In a concurring opinion in Katz, which has since come to be accepted as the Katz test, Justice Harlan explained that the Katz holding extends search and seizure protections to all situations in which a defendant has a "reasonable expectation of privacy." Katz v. United States, 389 U.S. 347, 360, 88 S. Ct. 507, 516, 19 L. Ed. 2d 576, 587 (1967) (Harlan, J., concurring); see 1 WAYNE R. LAFAVE, SEARCH AND SEIZURE: A TREATISE ON THE FOURTH AMENDMENT § 2.1 (3d ed. 1996). A reasonable expectation of privacy is measured by a "twofold requirement, first, that a person have exhibited an actual (subjective) expectation of privacy and, second, that the expectation be one that society is prepared to recognize as 'reasonable.'" Katz, 389 U.S. at 361, 88 S. Ct. at 516, 19 L. Ed. 2d at 588 (Harlan, J., concurring). See also California v. Greenwood, 486 U.S. 35, 39, 108 S. Ct. 1625, 1628, 100 L. Ed. 2d 30, 36 (1988); State v. Young, 123 Wash. 2d 173, 189, 867 P.2d 593, 601 (1994); State v. Boot, 81 Wash. App. 546, 550, 915 P.2d 592, 594 (1996).

Although "a man's home is, for most purposes, a place where he expects privacy, . . . objects, activities, or statements that he exposes to the 'plain view' of outsiders are not 'protected' because no intention to keep them to himself has been exhibited." State v. Drumhiller, 36 Wash. App. 592, 595, 675 P.2d 631, 633 (1984) (legitimate expectation of privacy means more than subjective expectation of not being discovered; defendants' claimed privacy expectation in home was not reasonable when defendants positioned themselves in front of a picture window with the lights on and drapes open). See also State v. Rose, 128 Wash. 2d 388, 392, 909 P.2d 280, 283 (1996) (where the "open view" doctrine is satisfied, the object under observation is not subject to any reasonable expectation of privacy; no violation was found where the officer looked through an unobstructed window of the defendant's mobile home with the aid of a flashlight). See infra section 5.6 for a discussion of the plain view doctrine.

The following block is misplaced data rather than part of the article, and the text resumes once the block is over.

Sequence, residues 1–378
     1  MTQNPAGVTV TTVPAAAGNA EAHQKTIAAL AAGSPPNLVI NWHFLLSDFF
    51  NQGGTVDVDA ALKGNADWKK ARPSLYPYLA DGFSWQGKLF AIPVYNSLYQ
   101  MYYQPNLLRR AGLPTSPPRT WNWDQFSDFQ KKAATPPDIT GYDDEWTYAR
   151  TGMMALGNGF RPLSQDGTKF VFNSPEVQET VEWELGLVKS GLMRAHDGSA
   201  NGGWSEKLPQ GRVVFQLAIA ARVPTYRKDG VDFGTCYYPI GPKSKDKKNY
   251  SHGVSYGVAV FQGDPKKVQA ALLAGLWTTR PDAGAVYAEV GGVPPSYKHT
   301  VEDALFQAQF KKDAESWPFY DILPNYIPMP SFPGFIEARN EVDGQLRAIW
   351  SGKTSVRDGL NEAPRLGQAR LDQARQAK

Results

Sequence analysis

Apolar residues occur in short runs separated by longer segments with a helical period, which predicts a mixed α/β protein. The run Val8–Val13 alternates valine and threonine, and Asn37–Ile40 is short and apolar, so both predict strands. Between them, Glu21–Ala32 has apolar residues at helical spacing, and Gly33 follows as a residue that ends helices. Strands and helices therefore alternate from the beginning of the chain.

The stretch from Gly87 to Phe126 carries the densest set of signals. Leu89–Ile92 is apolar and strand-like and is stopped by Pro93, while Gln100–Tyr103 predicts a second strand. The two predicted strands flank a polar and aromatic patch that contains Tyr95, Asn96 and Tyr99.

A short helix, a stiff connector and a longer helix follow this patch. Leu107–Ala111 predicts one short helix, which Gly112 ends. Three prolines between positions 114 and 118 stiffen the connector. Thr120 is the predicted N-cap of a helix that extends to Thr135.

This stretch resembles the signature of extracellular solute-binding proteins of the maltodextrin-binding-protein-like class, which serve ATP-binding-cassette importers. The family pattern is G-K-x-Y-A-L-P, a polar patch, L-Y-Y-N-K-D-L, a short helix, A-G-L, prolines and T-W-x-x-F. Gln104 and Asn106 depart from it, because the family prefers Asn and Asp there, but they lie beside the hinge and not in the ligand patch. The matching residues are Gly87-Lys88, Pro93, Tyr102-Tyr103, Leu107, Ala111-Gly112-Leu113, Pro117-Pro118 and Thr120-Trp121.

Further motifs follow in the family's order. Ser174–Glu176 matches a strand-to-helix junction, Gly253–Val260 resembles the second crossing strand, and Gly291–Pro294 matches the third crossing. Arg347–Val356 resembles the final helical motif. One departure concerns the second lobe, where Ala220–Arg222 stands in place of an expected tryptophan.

The expectation of privacy must also be one "which the law recognizes as 'legitimate.'" Rakas v. Illinois, 439 U.S. 128, 143-44 n.12, 99 S. Ct. 421, 430-31 n.12, 58 L. Ed. 2d 387, 401-02 n.12...